What doesn’t get spoken in these case studies is the number of companies who fell by the wayside in trying to create a new market.
I have had my share of misadventures in trying to create a new market where there was none.
I have found that its always better to check a market where there are existing players and then find a niche in that market. If there are other players already, it means there’s money for that product or service . It means people accept that kind of a product or service.
If people already accept a certain kind of product then its easier to upgrade them to a more powerful version or more expensive version or sometimes to a simpler version. The basic concept of your product or service is known, so you only have to convince on the nuances that you offer.
Here you can be first with the nuance that you are bringing to the table and occupy that position in the minds of the customer.
Till next time then.
In marketing if someone tells you they don’t have competition – then either there is no market or our person does not know where to play.
In the technology field you may have a window of opportunity of say a few months or maybe a year with your new product, but if you don’t see competition even on the horizon then you could be in the wrong market and that’s the scariest piece for a product management person in the technology field.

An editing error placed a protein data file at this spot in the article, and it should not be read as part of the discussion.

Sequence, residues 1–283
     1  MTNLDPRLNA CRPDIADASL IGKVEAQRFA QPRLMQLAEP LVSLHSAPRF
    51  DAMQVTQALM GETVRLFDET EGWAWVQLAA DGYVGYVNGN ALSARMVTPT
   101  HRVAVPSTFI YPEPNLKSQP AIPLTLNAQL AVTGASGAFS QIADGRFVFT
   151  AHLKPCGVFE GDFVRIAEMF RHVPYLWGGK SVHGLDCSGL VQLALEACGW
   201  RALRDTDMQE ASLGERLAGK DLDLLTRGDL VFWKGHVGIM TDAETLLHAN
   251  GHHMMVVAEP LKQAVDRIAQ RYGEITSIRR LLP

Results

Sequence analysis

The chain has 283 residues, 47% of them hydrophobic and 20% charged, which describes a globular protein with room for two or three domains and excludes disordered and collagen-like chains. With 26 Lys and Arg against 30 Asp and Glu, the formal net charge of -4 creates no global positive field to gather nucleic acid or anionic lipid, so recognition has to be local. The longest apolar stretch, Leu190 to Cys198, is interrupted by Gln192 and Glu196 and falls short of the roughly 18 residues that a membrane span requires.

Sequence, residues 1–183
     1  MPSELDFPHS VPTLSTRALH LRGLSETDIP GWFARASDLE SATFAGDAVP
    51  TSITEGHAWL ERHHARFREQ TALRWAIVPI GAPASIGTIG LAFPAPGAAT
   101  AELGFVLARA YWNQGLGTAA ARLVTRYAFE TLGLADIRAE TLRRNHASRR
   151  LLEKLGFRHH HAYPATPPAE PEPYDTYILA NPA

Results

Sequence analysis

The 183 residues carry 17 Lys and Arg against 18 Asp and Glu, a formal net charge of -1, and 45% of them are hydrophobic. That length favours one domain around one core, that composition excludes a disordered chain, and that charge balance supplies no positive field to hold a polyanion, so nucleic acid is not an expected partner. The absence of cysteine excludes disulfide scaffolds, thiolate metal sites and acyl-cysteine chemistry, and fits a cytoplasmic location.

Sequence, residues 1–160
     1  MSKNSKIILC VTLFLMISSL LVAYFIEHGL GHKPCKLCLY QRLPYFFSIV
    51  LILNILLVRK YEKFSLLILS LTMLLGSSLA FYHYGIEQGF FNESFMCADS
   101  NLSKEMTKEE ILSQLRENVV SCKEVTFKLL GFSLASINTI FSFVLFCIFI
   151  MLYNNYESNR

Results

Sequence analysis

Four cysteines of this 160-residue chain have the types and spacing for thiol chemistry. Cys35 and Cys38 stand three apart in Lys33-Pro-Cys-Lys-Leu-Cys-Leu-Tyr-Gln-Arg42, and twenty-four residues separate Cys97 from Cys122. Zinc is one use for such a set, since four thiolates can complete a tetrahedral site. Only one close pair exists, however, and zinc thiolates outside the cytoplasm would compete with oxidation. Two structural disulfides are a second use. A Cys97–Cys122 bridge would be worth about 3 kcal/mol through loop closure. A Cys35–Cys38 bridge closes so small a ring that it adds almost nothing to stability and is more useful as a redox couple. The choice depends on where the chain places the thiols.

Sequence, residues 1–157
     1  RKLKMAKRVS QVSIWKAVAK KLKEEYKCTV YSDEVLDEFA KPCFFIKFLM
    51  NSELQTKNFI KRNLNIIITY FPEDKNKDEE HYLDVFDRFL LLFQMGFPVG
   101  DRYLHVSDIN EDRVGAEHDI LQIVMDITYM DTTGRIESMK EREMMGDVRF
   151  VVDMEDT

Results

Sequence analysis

Most technology products or services are not born out of a specific need in the market. Most of the times companies keep tinkering and integrating various sub-modules to create a new product which the Product Management people are supposed to take to the market and convince their sales people to sell.
When you compete, a few things happen
- It means that there’s a definable market. You can choose a niche within that market where you may have less competition or where you define the niche. Your positioning improves because someone has already taken one slot in the market.
- It also means that you can aspire to pick up a larger piece of the market at a later date, so its not a FAD which will disappear as it came
- Competition also helps you fine tune your product or service better. Since you see the challenges the competition is facing in providing the same product or service, you can account for it already
- When you fight against a better competition you also hone your skills
I always get scared when I don’t see competition, even if its coming from a technology which is “n-1” from what we have, because then we know that there’s a market for the “n-1” at least. We just need to find enough people who have got disillusioned with it.
On the other hand I always admire how big companies like say P&G, Unilever or IBM etc. like to look at picking up a bigger piece of the market. They have such systematised methods to scale. I get to learn so much when they are in competition or when we join hands with one large company and compete against another large company. Its the best place to see how manager’s react , how decisions get made.
As they say, when you play a game against a better competitor you come out the winner either way – if you win, you win, but even when you lose you learn of the multiple things that you didn’t know off.
So always welcome competition.
Till next time then.